The Bad News Beers – an overpriced bunch of misfit Veterans Stadium brews – may soon get yanked from the lineup by City Council.
Citing allegations of possible consumer fraud, Councilman Jim Kenney yesterday called for hearings to investigate the Vet’s food and beverage concession.
“People have gotten used to paying high prices for bad food,” said Kenney, whose Licenses and Inspections committee may hold hearings in June. “I disagree with that. We’re missing a chance to promote our city’s epicurean delights. ”
Kenney’s resolution followed reports in the Daily News about awful-tasting hot dogs that compared unfavorably to I-95 roadkill.
He said he had been spurred into action when an investigation by Joe Sixpack uncovered a half-million-dollar suds-skimming scam at the Vet. The stadium’s purported 18- and 12-ounce cups of beer were missing two ounces of brew.
After the first report last week, the stadium’s concessionaire, Ogden Entertainment, quickly removed advertising signs that stated the size of its beers.
“If true,” Kenney’s resolution stated, “this anti-consumer practice and the potentially successful attempt by Ogden Entertainment to defraud thousands of consumers raises serious questions” about the company’s suitability to continue as the Vet concessionaire.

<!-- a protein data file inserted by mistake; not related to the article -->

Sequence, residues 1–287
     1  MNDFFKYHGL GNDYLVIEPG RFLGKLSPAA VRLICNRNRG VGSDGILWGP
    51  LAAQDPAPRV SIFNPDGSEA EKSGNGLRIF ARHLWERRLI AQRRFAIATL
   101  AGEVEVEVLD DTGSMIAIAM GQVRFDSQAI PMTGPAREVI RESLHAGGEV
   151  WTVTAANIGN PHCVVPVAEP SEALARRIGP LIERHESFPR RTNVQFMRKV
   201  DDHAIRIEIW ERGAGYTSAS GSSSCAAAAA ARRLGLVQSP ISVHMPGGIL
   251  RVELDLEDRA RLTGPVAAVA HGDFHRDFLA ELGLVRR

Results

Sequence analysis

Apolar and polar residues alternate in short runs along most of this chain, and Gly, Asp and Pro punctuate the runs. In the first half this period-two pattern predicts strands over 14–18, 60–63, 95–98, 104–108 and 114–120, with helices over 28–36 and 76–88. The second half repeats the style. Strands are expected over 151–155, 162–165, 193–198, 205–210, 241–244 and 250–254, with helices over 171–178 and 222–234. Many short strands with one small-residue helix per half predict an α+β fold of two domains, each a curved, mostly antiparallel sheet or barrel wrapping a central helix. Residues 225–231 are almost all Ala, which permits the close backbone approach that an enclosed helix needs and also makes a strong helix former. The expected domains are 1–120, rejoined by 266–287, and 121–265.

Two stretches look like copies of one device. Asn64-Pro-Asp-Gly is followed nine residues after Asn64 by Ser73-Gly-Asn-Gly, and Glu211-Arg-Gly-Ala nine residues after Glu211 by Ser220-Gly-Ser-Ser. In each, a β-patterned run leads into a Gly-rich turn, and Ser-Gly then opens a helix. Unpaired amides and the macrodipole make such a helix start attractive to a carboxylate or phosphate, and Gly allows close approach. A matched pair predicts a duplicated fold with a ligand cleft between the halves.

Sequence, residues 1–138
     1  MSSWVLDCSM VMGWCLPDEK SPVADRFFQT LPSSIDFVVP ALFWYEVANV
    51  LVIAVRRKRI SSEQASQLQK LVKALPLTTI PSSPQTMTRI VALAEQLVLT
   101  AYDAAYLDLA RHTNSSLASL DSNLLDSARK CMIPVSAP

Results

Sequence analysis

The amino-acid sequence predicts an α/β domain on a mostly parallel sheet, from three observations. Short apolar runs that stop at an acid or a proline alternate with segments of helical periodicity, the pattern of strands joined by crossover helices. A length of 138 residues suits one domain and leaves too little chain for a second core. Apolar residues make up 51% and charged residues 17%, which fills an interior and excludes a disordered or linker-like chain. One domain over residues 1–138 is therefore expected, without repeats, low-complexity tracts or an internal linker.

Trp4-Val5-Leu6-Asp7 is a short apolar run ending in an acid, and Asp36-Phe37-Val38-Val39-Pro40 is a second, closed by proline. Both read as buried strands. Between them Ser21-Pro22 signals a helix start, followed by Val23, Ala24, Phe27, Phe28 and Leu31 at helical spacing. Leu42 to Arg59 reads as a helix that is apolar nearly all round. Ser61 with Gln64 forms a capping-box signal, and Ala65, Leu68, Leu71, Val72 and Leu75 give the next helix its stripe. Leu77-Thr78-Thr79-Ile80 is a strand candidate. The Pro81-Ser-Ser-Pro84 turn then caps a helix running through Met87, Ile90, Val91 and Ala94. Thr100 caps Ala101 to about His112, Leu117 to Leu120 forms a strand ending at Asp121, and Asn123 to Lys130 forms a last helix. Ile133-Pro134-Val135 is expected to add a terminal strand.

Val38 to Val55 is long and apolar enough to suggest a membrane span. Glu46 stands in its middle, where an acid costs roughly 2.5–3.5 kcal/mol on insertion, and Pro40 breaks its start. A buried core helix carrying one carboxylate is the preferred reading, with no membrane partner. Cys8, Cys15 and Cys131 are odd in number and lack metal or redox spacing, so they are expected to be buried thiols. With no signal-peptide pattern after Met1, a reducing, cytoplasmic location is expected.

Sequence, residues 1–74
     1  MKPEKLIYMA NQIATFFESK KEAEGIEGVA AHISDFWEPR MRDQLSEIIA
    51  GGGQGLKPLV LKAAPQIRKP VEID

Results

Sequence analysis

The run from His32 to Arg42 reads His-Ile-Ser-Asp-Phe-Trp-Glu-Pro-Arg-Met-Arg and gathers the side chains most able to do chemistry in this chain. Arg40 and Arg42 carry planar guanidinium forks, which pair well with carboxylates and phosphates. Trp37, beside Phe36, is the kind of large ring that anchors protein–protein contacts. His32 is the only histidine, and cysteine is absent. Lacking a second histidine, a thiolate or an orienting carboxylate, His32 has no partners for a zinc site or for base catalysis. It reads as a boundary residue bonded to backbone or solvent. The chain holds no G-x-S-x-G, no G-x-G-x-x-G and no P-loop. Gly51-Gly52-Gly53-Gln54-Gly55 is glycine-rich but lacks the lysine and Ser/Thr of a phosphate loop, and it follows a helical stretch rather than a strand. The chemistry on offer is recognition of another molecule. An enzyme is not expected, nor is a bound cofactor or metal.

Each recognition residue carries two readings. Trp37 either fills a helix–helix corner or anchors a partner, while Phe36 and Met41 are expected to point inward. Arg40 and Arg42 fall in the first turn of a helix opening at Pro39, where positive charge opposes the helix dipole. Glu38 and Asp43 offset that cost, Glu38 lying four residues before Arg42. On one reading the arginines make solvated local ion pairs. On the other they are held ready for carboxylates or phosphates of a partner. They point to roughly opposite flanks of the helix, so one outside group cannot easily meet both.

“If it is discovered that Ogden Entertainment did in fact deliberately attempt to enrich itself by misleading consumers at Veterans Stadium sporting events,” the resolution said, the findings should be turned over to the district attorney’s office.
In a statement released yesterday, Ogden said, “Everyone sees this as a non-issue. Great-tasting hot dogs and full cups of beer have always been a tradition at the Vet. ”
To bolster its case, the company faxed copies of a 1997 USA Today article that called the Vet’s hot dogs “the best. ”
Other sources, though, have been less generous. A Web site called www.ballparks.com, for example, says the Vet is known for the loudest boos and smallest dogs.
Council President John Street said that the company “can’t be allowed to run roughshod over a captive audience. On the other hand, people don’t have to buy the stuff. ”
Like many sports fans, Street said he often brought store-bought hoagies to events instead of buying the stadium’s more-costly fare.
As the city prepares for the end of Ogden’s 15-year contract in 2000, Kenney said the Council hearings should also focus on the possibility of opening concessions to smaller, local vendors.
The city took that approach a couple of years ago when it opened up vending at Philadelphia International Airport to local fast-food vendors. Instead of selling typically bland fast food, these vendors now hawk indigenous delights, including authentic soft pretzels and cheesesteaks.
“Philadelphia is known for some of the best fast food in America,” said Kenney. “That’s what we should be offering at the Vet. ”
And, he said, it should be sold at a fair price.
“Philadelphia sports fans already feel gouged by high parking prices and outrageous prices for concession food,” the resolution said.